GREENBERG: Absolutely. Incumbents have lots of advantages, and that's one of them. Others are the ability to fly around the country to lots of battleground states, and do things that are presidential before you actually have to run for office. I mean, I think there are lots and lots of built-in advantages for incumbents, but I do think that there is a real issue, you know, if you take certain groups like young voters, people under 30, the kind of Obama, you know, first-time voters, 66 percent of them voted for Obama in 2008.

In the congressional elections in 2010, 57 percent of people under the age of 30 voted Democratic. In the Virginia governor's race in 2009, a majority of young people voted Republican. So, while it is true that there's no place for people on the left to go if they are disgruntled that Obama has been too centrist, on the other hand, demoralization in the base matters when races are really close. So, I still think there is real work to do with the Democratic base, even if, at the end of the day, there's no one else for them to vote for.


WEBER: I just want to add quickly because that - Anna's point was the point I was going to make. But you hear this often on the Democratic Party. The left has nowhere else to go. The Republican Party, the far right, has nowhere else to go. Elections, close elections are decided by very small marginal changes in turnout. We're not talking about the whole progressive left deserting the president or the whole Christian right deserting the Republican candidate. We're talking about a slightly smaller turnout of one or two or three percent, or a percent or two decide they're going to write somebody in or something like that.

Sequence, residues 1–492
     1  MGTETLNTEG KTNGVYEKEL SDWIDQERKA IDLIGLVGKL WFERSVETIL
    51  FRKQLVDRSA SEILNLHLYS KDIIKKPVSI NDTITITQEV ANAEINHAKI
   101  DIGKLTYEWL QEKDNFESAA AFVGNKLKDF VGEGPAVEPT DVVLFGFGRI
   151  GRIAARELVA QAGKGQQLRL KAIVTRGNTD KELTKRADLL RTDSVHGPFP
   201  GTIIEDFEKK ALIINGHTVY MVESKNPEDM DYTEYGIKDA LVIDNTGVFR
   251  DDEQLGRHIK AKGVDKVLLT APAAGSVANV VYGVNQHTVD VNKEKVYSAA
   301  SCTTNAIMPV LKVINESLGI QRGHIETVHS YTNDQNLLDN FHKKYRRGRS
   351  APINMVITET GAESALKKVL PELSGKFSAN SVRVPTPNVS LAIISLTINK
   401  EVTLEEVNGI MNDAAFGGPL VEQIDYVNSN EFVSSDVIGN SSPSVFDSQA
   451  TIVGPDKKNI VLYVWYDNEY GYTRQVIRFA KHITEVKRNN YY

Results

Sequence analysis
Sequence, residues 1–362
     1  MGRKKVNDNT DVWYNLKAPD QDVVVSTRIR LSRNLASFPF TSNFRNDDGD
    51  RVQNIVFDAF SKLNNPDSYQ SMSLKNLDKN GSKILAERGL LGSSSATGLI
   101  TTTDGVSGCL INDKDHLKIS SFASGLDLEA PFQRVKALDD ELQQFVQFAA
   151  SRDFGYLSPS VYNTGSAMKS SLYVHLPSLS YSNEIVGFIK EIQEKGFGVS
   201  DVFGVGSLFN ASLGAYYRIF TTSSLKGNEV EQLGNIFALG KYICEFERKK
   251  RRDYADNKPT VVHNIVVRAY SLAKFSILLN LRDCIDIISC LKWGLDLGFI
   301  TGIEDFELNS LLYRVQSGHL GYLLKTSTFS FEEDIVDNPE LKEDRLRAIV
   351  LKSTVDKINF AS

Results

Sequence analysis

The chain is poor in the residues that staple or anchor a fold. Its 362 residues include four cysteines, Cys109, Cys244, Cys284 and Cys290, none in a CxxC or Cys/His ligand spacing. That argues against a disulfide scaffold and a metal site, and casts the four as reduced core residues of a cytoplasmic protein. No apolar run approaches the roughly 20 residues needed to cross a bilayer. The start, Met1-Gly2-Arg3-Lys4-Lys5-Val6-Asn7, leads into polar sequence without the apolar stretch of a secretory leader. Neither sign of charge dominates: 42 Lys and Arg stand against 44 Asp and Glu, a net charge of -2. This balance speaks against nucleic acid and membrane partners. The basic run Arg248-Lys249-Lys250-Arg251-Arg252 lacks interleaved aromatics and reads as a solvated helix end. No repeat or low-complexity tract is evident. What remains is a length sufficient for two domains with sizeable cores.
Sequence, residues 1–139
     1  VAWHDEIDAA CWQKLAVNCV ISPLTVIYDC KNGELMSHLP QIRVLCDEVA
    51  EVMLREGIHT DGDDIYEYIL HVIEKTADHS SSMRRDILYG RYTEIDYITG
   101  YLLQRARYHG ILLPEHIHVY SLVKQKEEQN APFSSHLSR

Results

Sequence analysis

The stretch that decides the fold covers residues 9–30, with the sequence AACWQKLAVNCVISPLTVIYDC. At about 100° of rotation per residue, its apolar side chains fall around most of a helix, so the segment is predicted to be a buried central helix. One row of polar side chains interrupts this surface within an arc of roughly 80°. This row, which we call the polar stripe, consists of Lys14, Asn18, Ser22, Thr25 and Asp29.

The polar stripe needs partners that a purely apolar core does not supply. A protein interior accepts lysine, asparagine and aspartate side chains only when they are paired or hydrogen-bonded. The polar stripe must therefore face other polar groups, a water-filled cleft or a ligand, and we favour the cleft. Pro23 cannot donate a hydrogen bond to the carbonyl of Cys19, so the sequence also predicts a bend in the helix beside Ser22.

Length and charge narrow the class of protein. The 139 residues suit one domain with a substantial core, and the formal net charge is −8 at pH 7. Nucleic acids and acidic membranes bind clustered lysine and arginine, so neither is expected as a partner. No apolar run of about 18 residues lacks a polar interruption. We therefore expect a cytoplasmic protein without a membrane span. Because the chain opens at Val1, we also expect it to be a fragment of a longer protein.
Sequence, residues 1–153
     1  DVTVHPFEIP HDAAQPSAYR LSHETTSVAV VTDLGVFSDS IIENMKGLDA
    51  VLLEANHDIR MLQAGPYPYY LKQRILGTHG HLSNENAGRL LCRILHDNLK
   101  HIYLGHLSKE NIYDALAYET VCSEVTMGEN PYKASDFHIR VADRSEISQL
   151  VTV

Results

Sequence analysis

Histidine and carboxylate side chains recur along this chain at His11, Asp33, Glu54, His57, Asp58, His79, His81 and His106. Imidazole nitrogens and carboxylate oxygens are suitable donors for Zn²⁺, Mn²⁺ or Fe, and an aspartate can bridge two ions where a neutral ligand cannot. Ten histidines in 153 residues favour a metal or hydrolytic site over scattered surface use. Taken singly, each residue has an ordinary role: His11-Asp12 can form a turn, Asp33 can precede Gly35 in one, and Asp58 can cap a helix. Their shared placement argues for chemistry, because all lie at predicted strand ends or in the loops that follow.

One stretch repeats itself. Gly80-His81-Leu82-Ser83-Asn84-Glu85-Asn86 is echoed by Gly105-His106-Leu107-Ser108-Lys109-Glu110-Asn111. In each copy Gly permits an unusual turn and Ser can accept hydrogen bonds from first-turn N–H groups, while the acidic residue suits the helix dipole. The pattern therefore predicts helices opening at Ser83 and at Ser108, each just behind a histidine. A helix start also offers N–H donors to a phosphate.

That's how close elections are changed, and that's why, in this discussion of the base, you can't sort of default to this position that, quote, "they have nowhere else to go."

RUDIN: Right. And...

CONAN: We're talking...

RUDIN: And also just quickly, think of the 97,000 people in Florida who voted for Ralph Nader in 2000, instead of Al Gore, and a lot of people say that that's what cost them, just those 97,000 people in Florida.

CONAN: Political junkie Ken Rudin; also with us, Anna Greenberg, a Democratic political campaign consultant; Vin Weber, who works as a lobbyist in Washington, D.C., co-chair of Tim Pawlenty's presidential campaign. That'll be announced soon. You're listening to TALK OF THE NATION from NPR News. And let's go to - this is Joe, and Joe with us from Portland.

JOE (Caller): That's right.

CONAN: You're on the air. Go ahead, please.

JOE: Hi. Yeah, I would say that I would be broadly representative of the Democratic base, in that I think that government can do things. I think that the New Deal worked in many ways, and I think that rescuing the economy by both the Bush and the Obama administration, although unpopular, worked in many ways, and that that's a consensus among the Democratic base. At the same time as there are particular issues that maybe are sacred cows in the Democratic base that I don't agree with, and that may be more regional.

I come - I live in Portland, and there's maybe a consensus that's somewhat anti-Israel here. I'm a very firm supporter of Israel. So there are things like that that I can't get behind, but very broadly speaking, I can't imagine being anywhere except for the Democratic Party.

CONAN: Interesting that a government that does things, and that really brings us to the big political debate - and thanks very much for the call, Bob - that brings us to the big political debate that's going on right now in Washington, and that is over the debt ceiling, an obscure issue but it's taken on the ideological character of both parties. Anna, is it now a redline for Democrats, they're not going to agree to anything that doesn't include some sacrifice for the wealthiest and most prosperous among us?